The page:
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Noting that, for a lognormally distributed random variable $x$,

$$Var[x]=E[x]^2(e^{\sigma_x^2}-1) \tag{1}$$

(where $\sigma_x$ is the standard deviation of $\log(x)$)

And, in general,

$$Var[x]=E[x^2]-E[x]^2 \tag{2}$$

So that, setting (1) and (2) equal, we can say

$$E[x]^2(e^{\sigma_x^2}-1)=E[x^2]-E[x]^2 \tag{3}$$ $$E[x]^2 e^{\sigma_x^2}-E[x]^2=E[x^2]-E[x]^2 \tag{4}$$ $$\rightarrow E[x]^2 e^{\sigma_x^2}=E[x^2] \tag{5}$$

I am tempted to extrapolate to the covariance as follows:

$$Var(x) = Cov(x,x) = E[x]E[x]e^{\sigma_x \sigma_x}-E[x]E[x]$$

$$Cov[x,y]=E[x]E[y]e^{\sigma_x \sigma_y}-E[x]E[y]$$

($y$ being another lognormally distributed random variable correlated with $x$)

which, using the same logic as in the case of variance, would imply the following joint expected value:

$$\rightarrow E[x]E[y] e^{\sigma_x \sigma_y} = E[xy]$$

Is this a valid conclusion? I suspect it is not, but please point out why. What am I missing?

EDIT:

Or perhaps

$$Cov[x,y]=E[x]E[y]e^{\sigma_x \sigma_y \rho_{xy}}-E[x]E[y]$$ $$\rightarrow E[x]E[y] e^{\sigma_x \sigma_y \rho_{xy}} = E[xy]$$

Where $\rho_{xy}$ is the correlation of $\log(x)$ with $\log(y)$

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  • $\begingroup$ You should not fall for that temptation. Observe that your covariance is not depending on a correlation coefficient, so that it makes no distinction between $x,y$ independent (hence covariance $=0$, or $x,y$ (highly) dependent (e.g. $x=y$). $\endgroup$ – drhab Nov 7 '17 at 16:10
  • $\begingroup$ @drhab Ok, what about $E(x)E(y)e^{\sigma_x \sigma_y \rho_{xy}} = E[xy]$? $\endgroup$ – ben Nov 7 '17 at 18:48
  • $\begingroup$ Sounds better, but I don't know and have not the opportunity to check right now. Maybe later. $\endgroup$ – drhab Nov 7 '17 at 18:53
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What you mention in your edit is correct.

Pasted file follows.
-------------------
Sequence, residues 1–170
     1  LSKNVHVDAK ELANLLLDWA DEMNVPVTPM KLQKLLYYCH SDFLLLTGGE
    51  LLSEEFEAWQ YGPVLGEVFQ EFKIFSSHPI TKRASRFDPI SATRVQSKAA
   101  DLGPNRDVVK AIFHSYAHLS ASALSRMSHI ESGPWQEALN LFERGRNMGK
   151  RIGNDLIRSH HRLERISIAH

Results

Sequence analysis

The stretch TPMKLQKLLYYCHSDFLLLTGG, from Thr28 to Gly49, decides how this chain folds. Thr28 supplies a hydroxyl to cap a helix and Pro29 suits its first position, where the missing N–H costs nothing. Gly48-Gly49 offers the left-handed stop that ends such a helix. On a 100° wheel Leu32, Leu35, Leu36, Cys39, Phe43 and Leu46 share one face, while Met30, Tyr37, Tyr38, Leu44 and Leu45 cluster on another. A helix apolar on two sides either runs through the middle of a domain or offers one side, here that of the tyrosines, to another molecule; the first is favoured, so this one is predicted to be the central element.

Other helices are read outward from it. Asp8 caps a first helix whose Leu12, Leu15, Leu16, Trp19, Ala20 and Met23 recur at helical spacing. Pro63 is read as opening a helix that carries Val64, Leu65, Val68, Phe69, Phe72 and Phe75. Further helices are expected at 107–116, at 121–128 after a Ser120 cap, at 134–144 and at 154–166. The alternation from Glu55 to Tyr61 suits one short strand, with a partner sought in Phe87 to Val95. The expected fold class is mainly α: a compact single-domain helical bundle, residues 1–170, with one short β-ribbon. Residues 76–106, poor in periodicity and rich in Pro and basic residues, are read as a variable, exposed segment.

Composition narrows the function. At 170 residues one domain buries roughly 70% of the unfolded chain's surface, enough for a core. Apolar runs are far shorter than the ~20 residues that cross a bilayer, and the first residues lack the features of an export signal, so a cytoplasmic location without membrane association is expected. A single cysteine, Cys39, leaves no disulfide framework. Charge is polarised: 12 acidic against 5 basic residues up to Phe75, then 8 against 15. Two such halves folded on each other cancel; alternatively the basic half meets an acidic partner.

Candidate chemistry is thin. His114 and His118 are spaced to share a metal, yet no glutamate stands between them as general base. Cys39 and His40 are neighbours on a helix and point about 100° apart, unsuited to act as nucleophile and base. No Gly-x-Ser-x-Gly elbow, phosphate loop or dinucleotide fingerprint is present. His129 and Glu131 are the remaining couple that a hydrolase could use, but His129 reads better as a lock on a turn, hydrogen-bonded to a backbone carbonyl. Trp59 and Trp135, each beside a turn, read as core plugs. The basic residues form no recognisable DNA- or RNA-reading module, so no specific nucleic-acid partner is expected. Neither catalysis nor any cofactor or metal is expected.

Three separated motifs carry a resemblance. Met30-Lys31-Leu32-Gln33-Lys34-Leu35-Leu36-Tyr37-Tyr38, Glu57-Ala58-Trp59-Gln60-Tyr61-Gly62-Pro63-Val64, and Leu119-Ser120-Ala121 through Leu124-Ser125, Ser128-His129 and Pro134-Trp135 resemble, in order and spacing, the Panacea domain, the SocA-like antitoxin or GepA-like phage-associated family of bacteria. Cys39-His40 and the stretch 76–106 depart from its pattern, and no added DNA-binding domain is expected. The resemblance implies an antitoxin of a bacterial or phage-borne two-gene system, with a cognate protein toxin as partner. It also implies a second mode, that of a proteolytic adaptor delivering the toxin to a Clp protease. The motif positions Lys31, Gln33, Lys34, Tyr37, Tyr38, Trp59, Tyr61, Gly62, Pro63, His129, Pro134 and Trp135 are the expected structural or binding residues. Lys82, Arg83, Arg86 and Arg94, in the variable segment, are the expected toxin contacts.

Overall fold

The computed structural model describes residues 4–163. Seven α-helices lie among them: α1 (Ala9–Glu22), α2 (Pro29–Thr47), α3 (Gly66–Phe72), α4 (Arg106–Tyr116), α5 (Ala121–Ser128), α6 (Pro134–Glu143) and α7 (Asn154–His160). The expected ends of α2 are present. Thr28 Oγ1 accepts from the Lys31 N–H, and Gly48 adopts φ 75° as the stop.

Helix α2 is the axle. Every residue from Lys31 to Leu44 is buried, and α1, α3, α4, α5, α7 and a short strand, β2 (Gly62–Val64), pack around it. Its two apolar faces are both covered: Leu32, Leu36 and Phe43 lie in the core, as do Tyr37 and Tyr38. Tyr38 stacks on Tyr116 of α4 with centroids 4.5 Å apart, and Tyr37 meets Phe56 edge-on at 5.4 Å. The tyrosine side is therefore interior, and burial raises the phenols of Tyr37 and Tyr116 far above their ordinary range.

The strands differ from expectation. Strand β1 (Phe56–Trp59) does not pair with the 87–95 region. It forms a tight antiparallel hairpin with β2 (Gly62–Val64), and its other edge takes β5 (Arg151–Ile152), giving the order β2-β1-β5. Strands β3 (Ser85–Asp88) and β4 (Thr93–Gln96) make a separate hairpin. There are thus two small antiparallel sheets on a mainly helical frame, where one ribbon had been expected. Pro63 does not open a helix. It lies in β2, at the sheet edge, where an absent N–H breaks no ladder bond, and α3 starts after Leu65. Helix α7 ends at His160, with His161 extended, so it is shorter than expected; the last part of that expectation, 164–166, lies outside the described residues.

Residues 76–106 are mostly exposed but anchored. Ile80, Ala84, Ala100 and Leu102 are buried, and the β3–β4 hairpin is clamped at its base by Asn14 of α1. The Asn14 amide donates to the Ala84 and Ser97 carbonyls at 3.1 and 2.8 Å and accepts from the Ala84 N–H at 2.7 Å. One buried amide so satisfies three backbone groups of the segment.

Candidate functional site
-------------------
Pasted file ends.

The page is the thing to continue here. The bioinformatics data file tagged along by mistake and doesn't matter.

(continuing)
Here another path to find it, that gives me more comfort.

Let $R_1,R_2$ have joint normal distribution with $R_i\sim\text{Norm}(\mu_i,\sigma_i^2)$ and $\rho=\rho(R_1,R_2)$, i.e. the correlation coefficient of $R_1,R_2$.

Note that $R_1+R_2\sim\text{Norm}(\mu_1+\mu_2,\sigma_1^2+\sigma_2^2+2\rho\sigma_1\sigma_2)$

Let $X=e^{R_1}$ and $Y=e^{R_2}$.

Then $X\sim\text{LogNormal}(\mu_1,\sigma_1^2)$ and $Y\sim\text{LogNormal}(\mu_2,\sigma_2^2)$.

We have $XY=e^{R_1+R_2}$ and conclude that $XY\sim\text{LogNormal}(\mu_1+\mu_2,\sigma_1^2+\sigma_2^2+2\rho\sigma_1\sigma_2)$

It is well-known and not difficult to prove that $e^{\mu+\frac12\sigma^2}$ is the expectation of a random variable that has lognormal distribution with parameters $\mu$ and $\sigma^2$.

This leads easily to: $$\mathsf EXY=e^{\mu_1+\mu_2+\frac12\sigma_1^2+\frac12\sigma_2^2+\rho\sigma_1\sigma_2}=\mathsf EX\mathsf EYe^{\rho\sigma_1\sigma_2}$$and of course:$$\text{Cov}(X,Y)=\mathsf EX\mathsf EY(e^{\rho\sigma_1\sigma_2}-1)$$


Remark: your notations $\sigma_x,\sigma_y,\rho_{x,y}$ can confuse (that's why I used indices). Someone might think easily that $\sigma_x^2$ stands for the variance of $x$. This while in your question it stands for the variance of $\ln(x)$.

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